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Are Schwinn Bikes under $200 Good?

Old 02-11-16, 03:21 PM
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ivan1347
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Are Schwinn Bikes under $200 Good?

Hello so recently I was interested in a Schwinn Sidewinder that I saw at walmart. I don't know much about bikes and I have been wanting to buy one to go to school and back. Does anyone have any experience with it? It currently costs 150 and I don't know if i should buy it. 26" Schwinn Sidewinder Men's Mountain Bike, Matte Black/Green - Walmart.com
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Old 02-11-16, 03:28 PM
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Generally the wal-mart bikes aren't good, at all. They're heavy, badly built and don't generally last long. You'd be MUCH better off buying a $100 bike off of craigslist and getting it fixed by a shop for $50.

If you tell us where you are located and how tall you are I'm sure some of us will find you suitable bikes on craigslist that would be much better than the bike you linked.

If you must buy new, you'd be much better off buying something like this from a bike store. While not great quality, it's miles above a wal-mart bike.

Raleigh Bicycles - Talus 1
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Old 02-11-16, 03:50 PM
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cheap Walmart bikes are the worst of both worlds.
First the quality of the bike itself is really poor. The suspension fork on your bike will probably not work and may actually do you harm.
Second is that the assembly of the bikes are really poor. The same guys who assemble the bikes also assemble the outdoor grills.
Used bikes are often good bargains. Many bike shops sell used bikes so if you have no knowledge of components they will have gone over the bike before putting it up for sale.
there are some decent bikes at some walmarts, but they are the 'top end' price wise. The only people I know who can do well with these bikes are guys that are very handy with tools and have
experience with bikes. They usually have to make a number of major adjustments before riding them. Then they pound them into oblivion and start over again.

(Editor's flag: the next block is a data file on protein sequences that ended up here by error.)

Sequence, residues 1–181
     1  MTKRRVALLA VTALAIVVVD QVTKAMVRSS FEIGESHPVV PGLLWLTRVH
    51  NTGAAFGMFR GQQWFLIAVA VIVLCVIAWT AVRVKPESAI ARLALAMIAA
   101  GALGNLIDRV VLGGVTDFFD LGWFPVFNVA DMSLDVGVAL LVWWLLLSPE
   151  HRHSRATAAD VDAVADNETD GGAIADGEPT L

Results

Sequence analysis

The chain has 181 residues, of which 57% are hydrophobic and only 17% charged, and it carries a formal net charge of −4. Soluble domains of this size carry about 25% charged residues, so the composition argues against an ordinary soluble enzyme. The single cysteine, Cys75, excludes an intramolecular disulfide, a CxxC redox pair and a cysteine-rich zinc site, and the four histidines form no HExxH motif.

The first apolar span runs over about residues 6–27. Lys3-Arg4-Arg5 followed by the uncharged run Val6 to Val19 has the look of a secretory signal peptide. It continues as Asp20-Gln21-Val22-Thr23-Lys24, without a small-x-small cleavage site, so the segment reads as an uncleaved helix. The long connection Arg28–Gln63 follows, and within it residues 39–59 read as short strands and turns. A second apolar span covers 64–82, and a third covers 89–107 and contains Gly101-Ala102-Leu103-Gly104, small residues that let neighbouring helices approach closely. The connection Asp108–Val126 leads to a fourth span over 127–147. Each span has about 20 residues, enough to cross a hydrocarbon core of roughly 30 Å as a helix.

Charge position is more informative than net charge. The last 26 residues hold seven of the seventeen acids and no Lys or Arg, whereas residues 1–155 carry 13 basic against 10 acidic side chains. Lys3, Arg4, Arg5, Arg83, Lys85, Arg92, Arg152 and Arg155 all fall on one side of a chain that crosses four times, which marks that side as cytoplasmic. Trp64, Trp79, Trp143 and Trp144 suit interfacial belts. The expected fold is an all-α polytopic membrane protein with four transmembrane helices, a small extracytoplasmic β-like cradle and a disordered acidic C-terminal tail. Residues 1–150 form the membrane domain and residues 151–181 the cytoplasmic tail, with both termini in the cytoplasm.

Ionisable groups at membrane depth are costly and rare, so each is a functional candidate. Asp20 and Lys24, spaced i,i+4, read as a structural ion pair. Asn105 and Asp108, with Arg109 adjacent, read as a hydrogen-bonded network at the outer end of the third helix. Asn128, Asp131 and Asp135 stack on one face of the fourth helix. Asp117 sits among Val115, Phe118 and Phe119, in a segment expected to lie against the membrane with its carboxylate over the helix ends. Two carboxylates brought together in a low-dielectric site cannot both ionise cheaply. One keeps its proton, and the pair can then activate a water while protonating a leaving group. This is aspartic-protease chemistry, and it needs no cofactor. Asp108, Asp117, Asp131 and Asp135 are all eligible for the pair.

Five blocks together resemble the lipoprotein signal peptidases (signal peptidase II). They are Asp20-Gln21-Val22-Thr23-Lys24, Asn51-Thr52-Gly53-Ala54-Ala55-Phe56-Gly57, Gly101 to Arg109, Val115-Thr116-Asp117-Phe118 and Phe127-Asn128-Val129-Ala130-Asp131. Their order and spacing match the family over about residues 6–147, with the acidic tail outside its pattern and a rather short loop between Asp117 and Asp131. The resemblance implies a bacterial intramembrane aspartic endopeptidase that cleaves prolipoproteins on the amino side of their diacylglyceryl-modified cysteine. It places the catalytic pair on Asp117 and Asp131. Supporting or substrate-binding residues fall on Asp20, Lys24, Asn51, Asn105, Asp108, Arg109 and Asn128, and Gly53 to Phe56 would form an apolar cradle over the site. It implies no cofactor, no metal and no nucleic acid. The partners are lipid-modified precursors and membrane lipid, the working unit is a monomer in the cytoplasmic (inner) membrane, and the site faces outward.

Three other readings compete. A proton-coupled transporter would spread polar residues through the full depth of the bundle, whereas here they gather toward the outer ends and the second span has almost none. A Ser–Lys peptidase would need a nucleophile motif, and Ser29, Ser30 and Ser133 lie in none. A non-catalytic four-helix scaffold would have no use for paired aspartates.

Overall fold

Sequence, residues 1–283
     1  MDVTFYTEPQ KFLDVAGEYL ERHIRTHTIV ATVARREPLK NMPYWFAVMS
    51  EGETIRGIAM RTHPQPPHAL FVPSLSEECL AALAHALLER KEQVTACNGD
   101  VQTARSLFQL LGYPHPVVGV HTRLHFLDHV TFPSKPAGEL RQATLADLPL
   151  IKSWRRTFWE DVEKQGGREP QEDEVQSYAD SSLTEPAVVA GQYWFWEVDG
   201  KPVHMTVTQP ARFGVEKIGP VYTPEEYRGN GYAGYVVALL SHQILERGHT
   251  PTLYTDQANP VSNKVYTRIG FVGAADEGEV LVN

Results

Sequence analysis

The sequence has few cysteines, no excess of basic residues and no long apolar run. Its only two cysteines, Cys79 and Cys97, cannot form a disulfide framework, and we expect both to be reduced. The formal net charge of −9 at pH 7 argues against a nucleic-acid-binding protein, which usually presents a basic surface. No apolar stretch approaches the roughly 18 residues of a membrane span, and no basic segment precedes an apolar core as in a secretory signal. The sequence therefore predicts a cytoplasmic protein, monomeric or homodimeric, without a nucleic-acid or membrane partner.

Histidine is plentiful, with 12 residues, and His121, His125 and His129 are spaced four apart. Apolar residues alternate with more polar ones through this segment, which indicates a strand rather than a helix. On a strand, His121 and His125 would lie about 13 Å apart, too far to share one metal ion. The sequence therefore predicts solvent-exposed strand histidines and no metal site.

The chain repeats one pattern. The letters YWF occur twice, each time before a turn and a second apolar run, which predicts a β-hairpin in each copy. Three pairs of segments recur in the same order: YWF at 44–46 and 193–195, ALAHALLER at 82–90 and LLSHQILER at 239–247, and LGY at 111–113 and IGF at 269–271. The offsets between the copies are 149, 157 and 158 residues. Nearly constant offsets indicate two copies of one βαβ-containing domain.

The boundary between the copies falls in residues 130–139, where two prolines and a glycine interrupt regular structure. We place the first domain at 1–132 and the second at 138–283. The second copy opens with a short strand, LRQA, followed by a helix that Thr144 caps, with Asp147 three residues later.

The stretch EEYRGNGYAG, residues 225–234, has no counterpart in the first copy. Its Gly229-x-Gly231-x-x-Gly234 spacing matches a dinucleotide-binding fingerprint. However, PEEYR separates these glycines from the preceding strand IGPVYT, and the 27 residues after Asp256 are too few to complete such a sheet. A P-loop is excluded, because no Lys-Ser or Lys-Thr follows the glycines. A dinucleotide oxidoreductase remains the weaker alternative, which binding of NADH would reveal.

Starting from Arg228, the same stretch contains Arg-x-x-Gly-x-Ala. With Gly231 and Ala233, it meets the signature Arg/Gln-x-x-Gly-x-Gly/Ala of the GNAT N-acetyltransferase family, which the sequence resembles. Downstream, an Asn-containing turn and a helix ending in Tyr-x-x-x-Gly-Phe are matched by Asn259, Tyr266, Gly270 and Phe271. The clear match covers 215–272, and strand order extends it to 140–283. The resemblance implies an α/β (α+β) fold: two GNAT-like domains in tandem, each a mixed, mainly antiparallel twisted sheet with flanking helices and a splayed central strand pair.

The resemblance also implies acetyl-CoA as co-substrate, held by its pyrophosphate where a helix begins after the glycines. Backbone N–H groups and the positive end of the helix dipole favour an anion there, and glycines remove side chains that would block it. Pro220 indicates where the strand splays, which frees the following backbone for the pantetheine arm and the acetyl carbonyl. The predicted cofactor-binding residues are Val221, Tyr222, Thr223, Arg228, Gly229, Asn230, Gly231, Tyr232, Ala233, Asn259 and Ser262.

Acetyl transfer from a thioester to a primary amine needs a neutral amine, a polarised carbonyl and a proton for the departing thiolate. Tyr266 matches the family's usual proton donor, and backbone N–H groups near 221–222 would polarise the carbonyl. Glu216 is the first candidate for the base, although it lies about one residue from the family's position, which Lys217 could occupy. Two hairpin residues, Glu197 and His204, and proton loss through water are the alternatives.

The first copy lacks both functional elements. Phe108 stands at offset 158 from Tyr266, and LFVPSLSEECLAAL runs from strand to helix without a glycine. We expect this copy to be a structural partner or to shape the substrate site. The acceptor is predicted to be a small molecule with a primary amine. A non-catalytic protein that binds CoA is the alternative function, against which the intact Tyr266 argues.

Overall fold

It's how some guys roll.
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Old 02-11-16, 04:46 PM
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No!
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Old 02-11-16, 08:32 PM
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How about a ......[h=1]700c Mongoose Sinsure Urban Single Speed Mens Bike[/h]700c Mongoose Sinsure Urban Single Speed Mens Bike - Walmart.com
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Old 02-11-16, 09:50 PM
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Originally Posted by GeoKrpan View Post
How about a ......[h=1]700c Mongoose Sinsure Urban Single Speed Mens Bike[/h]700c Mongoose Sinsure Urban Single Speed Mens Bike - Walmart.com
Last summer, Walmart was selling steel single speed road bikes with drop handlebars for under $150.00! I was tempted to buy one since they reminded me of the old ten speeds of the 70s. However, the brake assembly was very cheap and so were the wheels.

I would put Tuffy tire liners on that bike, replace the front brake pads, do a turn-up and go!
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Old 02-12-16, 11:44 AM
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Well known brand names sell off to others who use that to make their stuff get some rub off of the past reputation,
whether they deserve it or Not.


Good? What do you consider Adequate? if not wanting to spend much, lower the expectations of Precision.

for school often where people go to pick a bike to steal it wont be much of a loss..

take it by a proper bike shop for a safety check , tune up .

Typically, like other mass merchants, Wall Mart doesn't do quality assemblies.